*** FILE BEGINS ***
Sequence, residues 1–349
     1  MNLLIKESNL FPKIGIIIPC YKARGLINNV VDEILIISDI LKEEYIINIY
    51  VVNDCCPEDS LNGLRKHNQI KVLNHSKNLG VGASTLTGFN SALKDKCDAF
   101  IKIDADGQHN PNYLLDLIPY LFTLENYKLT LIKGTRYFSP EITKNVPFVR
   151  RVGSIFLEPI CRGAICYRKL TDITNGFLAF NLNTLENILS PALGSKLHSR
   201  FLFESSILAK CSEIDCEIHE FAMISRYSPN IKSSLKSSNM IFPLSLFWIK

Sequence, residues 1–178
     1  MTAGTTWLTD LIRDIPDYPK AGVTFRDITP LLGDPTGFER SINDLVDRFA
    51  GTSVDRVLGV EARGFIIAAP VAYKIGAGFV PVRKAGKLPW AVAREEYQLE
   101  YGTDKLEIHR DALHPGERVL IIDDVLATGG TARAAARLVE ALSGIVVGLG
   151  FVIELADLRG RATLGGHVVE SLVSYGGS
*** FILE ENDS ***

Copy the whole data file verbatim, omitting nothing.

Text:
Sequence, residues 1–349
     1  MNLLIKESNL FPKIGIIIPC YKARGLINNV VDEILIISDI LKEEYIINIY
    51  VVNDCCPEDS LNGLRKHNQI KVLNHSKNLG VGASTLTGFN SALKDKCDAF
   101  IKIDADGQHN PNYLLDLIPY LFTLENYKLT LIKGTRYFSP EITKNVPFVR
   151  RVGSIFLEPI CRGAICYRKL TDITNGFLAF NLNTLENILS PALGSKLHSR
   201  FLFESSILAK CSEIDCEIHE FAMISRYSPN IKSSLKSSNM IFPLSLFWIK

Sequence, residues 1–178
     1  MTAGTTWLTD LIRDIPDYPK AGVTFRDITP LLGDPTGFER SINDLVDRFA
    51  GTSVDRVLGV EARGFIIAAP VAYKIGAGFV PVRKAGKLPW AVAREEYQLE
   101  YGTDKLEIHR DALHPGERVL IIDDVLATGG TARAAARLVE ALSGIVVGLG
   151  FVIELADLRG RATLGGHVVE SLVSYGGS